I then selected sdb to hold the boot record, as it was set by default to sda (my windows drive). The OS installed fine. I then went to reboot my system so go back into windows, by selecting the first drive in the bios. Once selected the system keeps booting into Ubuntu, no matter which drive I select. Now I checked the grub.cfg file and i see all references to hd1 there is no reference for windows found. I then proceeded to do 'sudo update grub2' this did not pickup any reference to my windows droive to add to the grub menu. When i select the ubuntu drive to boot fom my bios, i get no grub menu appaer it just boots quite happily into ubuntu. Can anyone please provide any resoloution to this, I can provide additonal outputs regarding my partion tables etc. later this evening when I get back from work.
I need a suggestion on setting up a dual boot menu for my setup. I have two hard drives one with WinXP and a second one with CentOS 5.3 installed. I basically moved the hard drive from another identical machine to this one and so I want to setup a boot menu to access either windows or Linux. CentOS already has grub on it.
What is the simplest method of setting up the dual boot menu? I would like something which is easy to administer which I can just ghost over either the Linux drive or Windows drive or disconnect either and have either boot just fine. I don't ask for much do I?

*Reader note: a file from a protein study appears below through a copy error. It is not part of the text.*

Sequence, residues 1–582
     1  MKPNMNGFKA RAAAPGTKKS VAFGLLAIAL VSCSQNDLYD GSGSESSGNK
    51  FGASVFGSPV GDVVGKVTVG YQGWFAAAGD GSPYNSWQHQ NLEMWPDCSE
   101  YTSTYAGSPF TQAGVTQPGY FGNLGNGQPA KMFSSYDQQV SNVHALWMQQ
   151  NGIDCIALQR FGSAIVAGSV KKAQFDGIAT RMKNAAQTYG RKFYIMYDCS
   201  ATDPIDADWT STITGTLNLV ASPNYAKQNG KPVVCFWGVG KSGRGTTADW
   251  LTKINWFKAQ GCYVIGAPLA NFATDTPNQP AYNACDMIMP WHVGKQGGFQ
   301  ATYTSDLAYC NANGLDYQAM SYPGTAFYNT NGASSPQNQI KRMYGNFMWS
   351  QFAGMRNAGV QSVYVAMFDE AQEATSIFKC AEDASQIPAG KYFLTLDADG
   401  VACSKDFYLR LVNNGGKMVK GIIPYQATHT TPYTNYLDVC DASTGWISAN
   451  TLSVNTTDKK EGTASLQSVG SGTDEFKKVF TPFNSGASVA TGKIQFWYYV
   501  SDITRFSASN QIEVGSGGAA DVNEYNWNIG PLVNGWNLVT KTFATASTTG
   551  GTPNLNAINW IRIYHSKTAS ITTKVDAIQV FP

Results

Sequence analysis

If I have to go through a little process after ghosting over one or the other drives that would probably be ok. We get updated images for this machine and replace the image on the drives with new images, although Linux shouldn't be reimaged, just windows. So the Linux drive (2nd drive) should not be touched normally.
I am running the 126.96.36.199 kernel on a RedHat 5.3 X64 bit OS. I am booting off a USB compact flash. When I put two hard drives in a test system the OS does not allow me to access either, however if I have one hard drive inserted I am able to mount the hard drive fine. Extremely strange. When both hard drives are inserted dmesg reports a sde and sdf, it just will not let me access them. I am not sure if this is a hardware issue or OS.
fdisk /dev/sde says unable to open. smartctl -i /dev/sde says NO Medium found. When I boot with only one inserted i am able fdisk. mount, etc... /dev/sde just fine. The USB controller has 5 slots to insert various media, but I am just using it for its compact flash slot.Why will the system play nice with one hard drive and not with two?